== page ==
BIO has issued a strong letter of support for the Manager’s Amendment to H.R. 1249, the America Invents Act

Patently BIOtech

by Stephanie D. Fischer

BIO has issued a strong letter of support for the Manager’s Amendment to H.R. 1249, the America Invents Act.  The letter is posted on our website and the text is below:

“On behalf of the Biotechnology Industry Organization (BIO), I am writing to express our strong support for your Manager’s Amendment to H.R. 1249, the America Invents Act. It is our strong desire to see this bill, as amended, passed by the House, and then we will work with you to ensure that any final product is perfected.

This legislation is similar to the bill adopted earlier this year by the U.S. Senate by a nearly unanimous vote, and we are pleased that the Manager’s Amendment to the bill has resolved many of the remaining concerns for the life sciences industry.

Your legislation will, once and for all, end the diversion of fees collected by the U.S. Patent and Trademark Office (PTO), increase the objectivity of our patent system, and increase patent quality. It is precisely these types of reforms that should receive bipartisan support, as they are good for inventors and investors, hence good for business and jobs in America.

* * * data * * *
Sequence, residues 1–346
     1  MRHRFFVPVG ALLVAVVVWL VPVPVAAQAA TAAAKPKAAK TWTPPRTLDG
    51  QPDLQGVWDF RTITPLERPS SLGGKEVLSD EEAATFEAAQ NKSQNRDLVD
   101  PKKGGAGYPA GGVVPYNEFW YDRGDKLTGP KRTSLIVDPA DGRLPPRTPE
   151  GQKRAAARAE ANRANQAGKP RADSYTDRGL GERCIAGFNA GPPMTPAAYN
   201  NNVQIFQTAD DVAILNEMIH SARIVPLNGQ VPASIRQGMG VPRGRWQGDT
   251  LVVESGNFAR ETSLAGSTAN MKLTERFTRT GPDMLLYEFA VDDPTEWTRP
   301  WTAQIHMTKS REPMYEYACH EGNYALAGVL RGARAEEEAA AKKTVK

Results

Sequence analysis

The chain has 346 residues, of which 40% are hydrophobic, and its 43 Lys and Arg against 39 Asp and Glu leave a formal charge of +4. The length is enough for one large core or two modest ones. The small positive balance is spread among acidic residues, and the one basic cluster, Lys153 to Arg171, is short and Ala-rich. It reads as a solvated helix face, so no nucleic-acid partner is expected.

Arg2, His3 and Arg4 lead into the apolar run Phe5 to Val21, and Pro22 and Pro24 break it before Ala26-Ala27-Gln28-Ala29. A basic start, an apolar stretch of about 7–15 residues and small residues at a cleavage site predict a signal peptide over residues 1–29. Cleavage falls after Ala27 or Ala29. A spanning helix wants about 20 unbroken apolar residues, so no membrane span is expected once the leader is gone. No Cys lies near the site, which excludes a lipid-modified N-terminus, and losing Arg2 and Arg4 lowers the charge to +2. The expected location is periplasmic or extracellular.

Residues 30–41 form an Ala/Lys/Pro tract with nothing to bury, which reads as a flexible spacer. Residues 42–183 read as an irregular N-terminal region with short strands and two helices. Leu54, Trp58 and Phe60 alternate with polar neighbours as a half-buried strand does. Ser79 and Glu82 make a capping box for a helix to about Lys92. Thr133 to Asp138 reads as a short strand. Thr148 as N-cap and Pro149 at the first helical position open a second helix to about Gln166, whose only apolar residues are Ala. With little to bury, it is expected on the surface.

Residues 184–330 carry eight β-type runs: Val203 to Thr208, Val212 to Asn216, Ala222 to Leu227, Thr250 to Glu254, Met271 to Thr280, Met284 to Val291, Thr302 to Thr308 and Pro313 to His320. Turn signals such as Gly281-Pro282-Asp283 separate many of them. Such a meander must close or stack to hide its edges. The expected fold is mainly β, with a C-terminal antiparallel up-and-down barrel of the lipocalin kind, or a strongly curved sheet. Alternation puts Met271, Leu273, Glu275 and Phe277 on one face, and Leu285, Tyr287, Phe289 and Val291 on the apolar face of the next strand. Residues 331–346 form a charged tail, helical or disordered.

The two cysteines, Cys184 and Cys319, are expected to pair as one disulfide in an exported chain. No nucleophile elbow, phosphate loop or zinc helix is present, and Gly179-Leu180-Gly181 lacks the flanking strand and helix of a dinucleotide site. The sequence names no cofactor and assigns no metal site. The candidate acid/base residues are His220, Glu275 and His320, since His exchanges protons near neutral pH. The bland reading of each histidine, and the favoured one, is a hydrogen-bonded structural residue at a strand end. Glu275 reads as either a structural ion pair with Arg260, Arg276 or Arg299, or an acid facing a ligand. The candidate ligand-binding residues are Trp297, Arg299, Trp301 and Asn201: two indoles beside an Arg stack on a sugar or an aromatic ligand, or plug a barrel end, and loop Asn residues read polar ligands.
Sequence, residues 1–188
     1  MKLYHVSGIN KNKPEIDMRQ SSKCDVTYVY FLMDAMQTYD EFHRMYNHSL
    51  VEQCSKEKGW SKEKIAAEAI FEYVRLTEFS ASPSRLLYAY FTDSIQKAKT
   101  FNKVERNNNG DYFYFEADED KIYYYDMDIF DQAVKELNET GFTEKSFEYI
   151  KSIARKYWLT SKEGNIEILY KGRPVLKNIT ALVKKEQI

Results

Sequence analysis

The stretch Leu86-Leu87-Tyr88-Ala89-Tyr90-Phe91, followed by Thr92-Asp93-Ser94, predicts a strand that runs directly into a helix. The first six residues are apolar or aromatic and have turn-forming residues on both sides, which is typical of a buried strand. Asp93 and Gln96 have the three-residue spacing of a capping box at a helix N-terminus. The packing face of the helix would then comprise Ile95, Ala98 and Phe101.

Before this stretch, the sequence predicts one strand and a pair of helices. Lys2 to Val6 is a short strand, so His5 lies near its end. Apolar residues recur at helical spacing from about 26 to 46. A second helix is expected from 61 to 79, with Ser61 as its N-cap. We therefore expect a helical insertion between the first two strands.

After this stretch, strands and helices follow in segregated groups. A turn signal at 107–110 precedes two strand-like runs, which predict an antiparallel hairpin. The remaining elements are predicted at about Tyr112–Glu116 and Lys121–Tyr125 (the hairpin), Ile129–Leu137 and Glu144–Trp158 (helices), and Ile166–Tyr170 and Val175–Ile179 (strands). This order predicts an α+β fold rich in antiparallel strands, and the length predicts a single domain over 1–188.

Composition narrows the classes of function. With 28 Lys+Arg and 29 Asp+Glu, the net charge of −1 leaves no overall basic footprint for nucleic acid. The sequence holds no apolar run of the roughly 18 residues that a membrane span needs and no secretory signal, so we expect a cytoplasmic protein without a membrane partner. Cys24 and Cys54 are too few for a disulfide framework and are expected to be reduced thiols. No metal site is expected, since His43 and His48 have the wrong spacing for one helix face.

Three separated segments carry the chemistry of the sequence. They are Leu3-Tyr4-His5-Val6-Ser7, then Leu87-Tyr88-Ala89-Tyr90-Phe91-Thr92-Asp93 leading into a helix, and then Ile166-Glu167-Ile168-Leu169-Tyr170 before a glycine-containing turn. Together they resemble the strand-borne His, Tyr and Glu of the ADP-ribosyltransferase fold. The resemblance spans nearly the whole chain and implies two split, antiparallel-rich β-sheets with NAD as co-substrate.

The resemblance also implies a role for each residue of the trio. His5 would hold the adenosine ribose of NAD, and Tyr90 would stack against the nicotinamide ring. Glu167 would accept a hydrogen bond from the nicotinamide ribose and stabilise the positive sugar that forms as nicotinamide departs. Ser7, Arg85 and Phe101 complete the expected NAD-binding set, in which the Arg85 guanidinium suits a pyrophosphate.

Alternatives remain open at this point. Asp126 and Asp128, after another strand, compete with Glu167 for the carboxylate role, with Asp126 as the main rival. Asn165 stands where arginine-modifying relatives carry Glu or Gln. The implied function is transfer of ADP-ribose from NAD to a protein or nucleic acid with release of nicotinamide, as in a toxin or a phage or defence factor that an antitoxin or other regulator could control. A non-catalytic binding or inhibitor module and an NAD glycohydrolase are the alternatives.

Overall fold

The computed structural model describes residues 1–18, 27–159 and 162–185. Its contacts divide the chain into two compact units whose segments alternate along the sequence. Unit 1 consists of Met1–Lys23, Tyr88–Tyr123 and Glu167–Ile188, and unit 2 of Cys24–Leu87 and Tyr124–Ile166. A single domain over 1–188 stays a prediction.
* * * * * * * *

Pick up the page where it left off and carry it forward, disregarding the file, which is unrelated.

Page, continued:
We thank you for all of your hard work to move the patent reform process forward in the House, and we look forward to working with you and the Senate to ensure that patent reform legislation is ultimately enacted into law this year.”

Earlier this week, BIO joined a broad coalition of organizations, universities, companies and other stakeholders to express strong support for Section 22 of the bill which would prevent future fee diversion:

“Although each of our organizations has varying views on the reforms contained in H.R. 1249, we unanimously support Section 22 and believe that it is the cornerstone of any patent reform legislation. Absent a statutory mechanism to prevent future fee diversion, as we have seen all too often in previous years, the existing and new responsibilities vested in the USPTO will suffer, the ability of the USPTO to plan long-term and build the agency our innovation economy demands will be frustrated, and the job-stifling patent application backlog will continue.”  This letter is available on our website.

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